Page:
Report - - Oaks Colliery, Barnsley, June 2014. | Industrial Sites | 28DaysLater.co.uk

Report - Oaks Colliery, Barnsley, June 2014.


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28DL Full Member
Oaks Colliery, which was one of the largest coal mines working the Barnsley area in South Yorkshire Coalfield, mined a seam that was notorious for firedamp. Almost 20 years before, on 5 March 1847, The Oaks colliery suffered its first disaster when a blast killed 73 men and boys. As mine management was aware of firedamp, there were strict rules about the use of safety lamps. A ventilation system was also used to carry any gas that emerged from the seam out of the mine. However the coal in this seam was known to contain methane making it a very dangerous working environment.

On Wednesday 12 December 1866, 340 men and boys were working the day shift. With less than an hour of the shift remaining, a huge explosion ripped through the workings. The force of the blast blew the cage up No. 1 shaft into the headgear, breaking the coupling. The cage was recovered and replaced to enable a party of "pit deputies" (foreman) to descend the pit to see the devastation. At the bottom of the shaft, they found a number of badly burned men who were sent up to the surface. The dead were taken to their homes and the survivors were given medical attention. By midnight, the exhausted rescuers withdrew to continue their work the next day.

The next morning, 27 rescuers went down the pit with Mr Minto, the underviewer, and mining engineer Parkin Jeffcock to inspect the conditions under which they were working. But as Jeffcock finished inspecting the upcast shaft, another huge explosion occurred killing all the rescuers. The blast was powerful enough to rush up all three shafts at the colliery. A third explosion took place a few hours later, again affecting all three shafts.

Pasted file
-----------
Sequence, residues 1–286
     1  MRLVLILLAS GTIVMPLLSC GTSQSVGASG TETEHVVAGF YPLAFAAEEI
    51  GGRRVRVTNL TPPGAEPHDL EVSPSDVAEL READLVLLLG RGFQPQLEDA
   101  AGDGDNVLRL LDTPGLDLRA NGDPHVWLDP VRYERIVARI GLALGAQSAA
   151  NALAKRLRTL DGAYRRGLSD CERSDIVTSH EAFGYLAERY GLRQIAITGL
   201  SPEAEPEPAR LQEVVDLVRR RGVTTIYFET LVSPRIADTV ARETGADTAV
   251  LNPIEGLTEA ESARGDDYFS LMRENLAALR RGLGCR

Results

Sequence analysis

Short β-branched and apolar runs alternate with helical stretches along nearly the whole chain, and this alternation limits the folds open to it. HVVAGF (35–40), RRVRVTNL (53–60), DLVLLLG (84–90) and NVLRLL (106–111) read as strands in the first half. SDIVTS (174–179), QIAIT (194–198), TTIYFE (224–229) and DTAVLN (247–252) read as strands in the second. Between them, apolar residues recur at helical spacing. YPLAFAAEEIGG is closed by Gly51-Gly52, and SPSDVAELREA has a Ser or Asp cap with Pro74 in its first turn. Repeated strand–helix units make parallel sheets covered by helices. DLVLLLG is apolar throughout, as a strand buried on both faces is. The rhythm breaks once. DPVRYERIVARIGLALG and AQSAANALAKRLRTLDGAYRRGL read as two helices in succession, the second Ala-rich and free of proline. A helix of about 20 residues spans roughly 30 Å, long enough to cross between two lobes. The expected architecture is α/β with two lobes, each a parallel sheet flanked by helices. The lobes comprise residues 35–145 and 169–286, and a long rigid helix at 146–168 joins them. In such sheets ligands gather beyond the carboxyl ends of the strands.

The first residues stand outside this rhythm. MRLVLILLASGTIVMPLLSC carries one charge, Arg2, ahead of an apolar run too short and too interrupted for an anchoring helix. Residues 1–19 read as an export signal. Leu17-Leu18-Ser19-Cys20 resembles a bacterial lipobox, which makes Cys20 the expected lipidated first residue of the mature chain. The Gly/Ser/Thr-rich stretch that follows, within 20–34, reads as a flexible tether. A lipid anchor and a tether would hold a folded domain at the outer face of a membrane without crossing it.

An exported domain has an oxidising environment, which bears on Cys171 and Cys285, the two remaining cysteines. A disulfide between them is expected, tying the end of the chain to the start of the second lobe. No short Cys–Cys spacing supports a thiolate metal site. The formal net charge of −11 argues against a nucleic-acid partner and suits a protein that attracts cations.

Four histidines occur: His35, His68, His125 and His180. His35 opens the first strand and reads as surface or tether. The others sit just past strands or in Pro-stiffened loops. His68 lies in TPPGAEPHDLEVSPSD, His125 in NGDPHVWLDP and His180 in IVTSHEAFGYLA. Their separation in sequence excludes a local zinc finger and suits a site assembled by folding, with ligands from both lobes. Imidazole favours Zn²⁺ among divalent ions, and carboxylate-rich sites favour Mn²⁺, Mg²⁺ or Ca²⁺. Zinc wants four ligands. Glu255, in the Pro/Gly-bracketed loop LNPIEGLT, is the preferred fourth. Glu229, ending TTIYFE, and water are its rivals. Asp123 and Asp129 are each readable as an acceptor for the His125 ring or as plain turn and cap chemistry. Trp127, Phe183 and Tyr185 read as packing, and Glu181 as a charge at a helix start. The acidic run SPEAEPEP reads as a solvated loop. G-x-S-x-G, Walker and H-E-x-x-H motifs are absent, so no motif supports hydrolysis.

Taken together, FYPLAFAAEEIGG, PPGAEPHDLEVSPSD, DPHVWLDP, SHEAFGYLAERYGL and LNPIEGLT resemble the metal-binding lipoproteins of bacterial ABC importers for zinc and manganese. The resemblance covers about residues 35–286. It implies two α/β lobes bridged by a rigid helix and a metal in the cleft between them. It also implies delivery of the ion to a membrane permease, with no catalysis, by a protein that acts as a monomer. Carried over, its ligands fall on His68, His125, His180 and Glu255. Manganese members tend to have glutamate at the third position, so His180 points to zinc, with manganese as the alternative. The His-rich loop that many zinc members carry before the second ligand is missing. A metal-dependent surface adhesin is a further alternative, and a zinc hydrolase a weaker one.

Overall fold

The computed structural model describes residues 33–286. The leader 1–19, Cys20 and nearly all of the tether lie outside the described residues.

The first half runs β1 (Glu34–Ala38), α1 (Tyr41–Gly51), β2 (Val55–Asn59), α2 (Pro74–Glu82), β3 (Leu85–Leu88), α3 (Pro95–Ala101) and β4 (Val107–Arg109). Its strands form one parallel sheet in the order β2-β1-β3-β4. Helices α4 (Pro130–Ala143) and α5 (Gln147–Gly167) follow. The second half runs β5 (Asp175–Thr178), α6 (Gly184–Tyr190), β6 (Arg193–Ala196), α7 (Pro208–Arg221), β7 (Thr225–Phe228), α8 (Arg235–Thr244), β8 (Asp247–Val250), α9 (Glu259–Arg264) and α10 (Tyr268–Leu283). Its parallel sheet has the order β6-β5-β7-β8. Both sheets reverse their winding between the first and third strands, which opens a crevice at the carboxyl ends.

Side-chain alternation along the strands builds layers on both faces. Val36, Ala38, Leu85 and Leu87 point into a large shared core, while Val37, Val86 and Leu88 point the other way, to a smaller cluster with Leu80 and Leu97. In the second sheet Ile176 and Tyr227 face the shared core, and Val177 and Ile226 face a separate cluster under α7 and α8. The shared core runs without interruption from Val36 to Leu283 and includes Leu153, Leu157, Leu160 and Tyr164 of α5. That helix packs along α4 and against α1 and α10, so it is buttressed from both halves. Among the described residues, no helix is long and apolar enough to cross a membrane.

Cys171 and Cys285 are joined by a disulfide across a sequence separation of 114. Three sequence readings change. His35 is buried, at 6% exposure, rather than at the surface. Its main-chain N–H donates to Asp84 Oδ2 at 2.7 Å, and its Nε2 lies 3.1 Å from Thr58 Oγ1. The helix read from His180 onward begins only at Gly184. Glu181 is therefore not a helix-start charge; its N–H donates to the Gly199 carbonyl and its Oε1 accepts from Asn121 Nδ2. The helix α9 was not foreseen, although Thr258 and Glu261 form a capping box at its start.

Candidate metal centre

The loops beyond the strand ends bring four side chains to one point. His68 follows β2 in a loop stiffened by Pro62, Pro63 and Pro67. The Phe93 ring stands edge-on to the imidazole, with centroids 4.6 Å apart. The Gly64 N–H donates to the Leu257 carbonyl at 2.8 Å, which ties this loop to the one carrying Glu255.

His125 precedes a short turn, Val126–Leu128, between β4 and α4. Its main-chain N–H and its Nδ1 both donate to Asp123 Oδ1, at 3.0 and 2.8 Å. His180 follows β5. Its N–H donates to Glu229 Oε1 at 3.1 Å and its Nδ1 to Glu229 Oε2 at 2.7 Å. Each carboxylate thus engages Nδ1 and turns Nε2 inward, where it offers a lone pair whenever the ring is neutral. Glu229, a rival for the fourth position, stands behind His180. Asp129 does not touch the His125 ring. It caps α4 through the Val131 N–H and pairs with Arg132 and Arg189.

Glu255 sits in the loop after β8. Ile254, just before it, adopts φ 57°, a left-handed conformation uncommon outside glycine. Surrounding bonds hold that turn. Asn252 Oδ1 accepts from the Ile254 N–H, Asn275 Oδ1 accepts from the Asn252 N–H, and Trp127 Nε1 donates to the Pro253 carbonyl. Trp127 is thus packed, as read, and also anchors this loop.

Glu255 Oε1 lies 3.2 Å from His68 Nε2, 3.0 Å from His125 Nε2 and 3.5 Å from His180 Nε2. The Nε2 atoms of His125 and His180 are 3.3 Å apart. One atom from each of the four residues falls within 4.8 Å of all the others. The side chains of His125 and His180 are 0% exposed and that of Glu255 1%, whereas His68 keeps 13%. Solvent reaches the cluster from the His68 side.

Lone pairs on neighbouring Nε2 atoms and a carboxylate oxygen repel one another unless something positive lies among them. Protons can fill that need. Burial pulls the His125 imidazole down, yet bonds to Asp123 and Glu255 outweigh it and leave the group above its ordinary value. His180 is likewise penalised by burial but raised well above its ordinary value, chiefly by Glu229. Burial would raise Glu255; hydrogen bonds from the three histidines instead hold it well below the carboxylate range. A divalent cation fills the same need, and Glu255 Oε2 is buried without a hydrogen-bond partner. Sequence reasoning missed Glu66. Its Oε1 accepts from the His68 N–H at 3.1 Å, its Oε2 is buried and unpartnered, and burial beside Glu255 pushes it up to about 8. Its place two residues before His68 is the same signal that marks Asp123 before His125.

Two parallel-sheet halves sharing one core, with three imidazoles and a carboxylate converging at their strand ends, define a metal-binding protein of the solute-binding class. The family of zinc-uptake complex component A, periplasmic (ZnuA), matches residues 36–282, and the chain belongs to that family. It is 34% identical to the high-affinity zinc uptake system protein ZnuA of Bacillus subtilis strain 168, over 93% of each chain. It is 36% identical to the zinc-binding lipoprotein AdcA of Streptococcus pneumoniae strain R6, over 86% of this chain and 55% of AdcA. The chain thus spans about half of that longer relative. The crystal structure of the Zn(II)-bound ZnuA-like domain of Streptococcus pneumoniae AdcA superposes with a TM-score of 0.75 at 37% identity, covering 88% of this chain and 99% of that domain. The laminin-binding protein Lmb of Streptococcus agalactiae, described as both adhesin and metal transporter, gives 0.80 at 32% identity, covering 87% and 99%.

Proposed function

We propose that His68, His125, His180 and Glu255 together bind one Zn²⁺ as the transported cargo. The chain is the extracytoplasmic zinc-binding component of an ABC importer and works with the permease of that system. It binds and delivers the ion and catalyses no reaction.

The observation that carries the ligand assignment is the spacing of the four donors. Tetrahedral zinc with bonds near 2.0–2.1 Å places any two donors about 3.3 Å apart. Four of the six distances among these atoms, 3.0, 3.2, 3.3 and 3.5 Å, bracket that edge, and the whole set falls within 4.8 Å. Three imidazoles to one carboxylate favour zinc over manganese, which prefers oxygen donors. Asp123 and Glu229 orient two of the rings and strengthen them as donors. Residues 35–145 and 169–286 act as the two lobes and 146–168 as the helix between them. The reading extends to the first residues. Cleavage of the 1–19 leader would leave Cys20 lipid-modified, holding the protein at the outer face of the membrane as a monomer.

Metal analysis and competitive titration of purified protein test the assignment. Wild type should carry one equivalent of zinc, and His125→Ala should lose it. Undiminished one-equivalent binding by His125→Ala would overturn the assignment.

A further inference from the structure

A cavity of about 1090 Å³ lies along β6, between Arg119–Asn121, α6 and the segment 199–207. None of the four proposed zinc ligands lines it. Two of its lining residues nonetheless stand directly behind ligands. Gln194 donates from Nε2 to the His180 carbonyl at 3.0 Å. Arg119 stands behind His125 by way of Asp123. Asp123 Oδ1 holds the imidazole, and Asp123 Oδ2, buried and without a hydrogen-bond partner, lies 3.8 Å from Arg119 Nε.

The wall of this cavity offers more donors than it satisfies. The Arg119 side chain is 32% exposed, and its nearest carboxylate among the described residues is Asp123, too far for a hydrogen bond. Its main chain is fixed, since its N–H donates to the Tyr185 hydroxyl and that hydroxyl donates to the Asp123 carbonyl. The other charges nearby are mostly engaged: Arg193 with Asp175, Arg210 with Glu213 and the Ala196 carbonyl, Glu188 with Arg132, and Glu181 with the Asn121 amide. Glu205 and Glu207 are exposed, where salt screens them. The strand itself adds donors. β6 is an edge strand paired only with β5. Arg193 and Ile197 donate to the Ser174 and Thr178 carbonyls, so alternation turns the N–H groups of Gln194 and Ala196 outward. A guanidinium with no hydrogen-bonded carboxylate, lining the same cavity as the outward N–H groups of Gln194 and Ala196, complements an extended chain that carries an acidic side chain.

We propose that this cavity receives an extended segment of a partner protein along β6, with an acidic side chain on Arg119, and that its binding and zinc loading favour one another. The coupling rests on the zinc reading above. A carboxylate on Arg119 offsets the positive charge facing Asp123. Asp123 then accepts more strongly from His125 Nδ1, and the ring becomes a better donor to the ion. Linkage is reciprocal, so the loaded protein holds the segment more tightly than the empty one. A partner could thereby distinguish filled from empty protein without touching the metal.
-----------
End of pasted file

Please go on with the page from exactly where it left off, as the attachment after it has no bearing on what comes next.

In total the explosions killed 361 miners and 27 rescuers. Among the many dead were the pit ponies and their boy handlers, who hauled wagon loads of coal from the workings to the mine shaft. They had all been killed in the first explosion.

A thorough investigation into the disaster could not conclusively ascertain what had caused the explosion or what was the source of the first ignition. But some survivors mentioned an exceptionally violent blast just before the main explosion. This may have been caused by the driving of a drift near the main seam, meaning the digging of a new workings may have ignited pockets of firedamp. An initial blast may have caused a chain reaction triggering the firedamp and coal dust explosion that devastated the rest of the pit.
Had a visit to this earlier in the year, but found it to be bricked off. There was a brief talk of a few of us getting roped up to have a go, but nothing ever surfaced. Then about 3 months later I got a message from Jazzywheelz to say that someone had been in. I was just about to board a flight to Ireland, so could not joint them. First chance I got when I was back I got up there hoping I hadn't missed out.

I was in luck. A few people lurking around. There was a homeless guy camping outside of the building. When I arrived, I walked round a corner to see him standing there, but he had his back turned so I carried on past. Inside were 2 other explorers finishing their trip round (trouser cowboy & boxfrenzy - not sure if they are on here much (or at all) Got up to the top & then coming down the homeless guy was in the entrance muttering to himself, so I hung around for a bit up top. Didn't see him again on my way out.

On with the pics...










Above: Really like the shot that a few people have of looking between both wheels, but my lens just wasn't wide enough :banghead



Thanks for looking! :thumb


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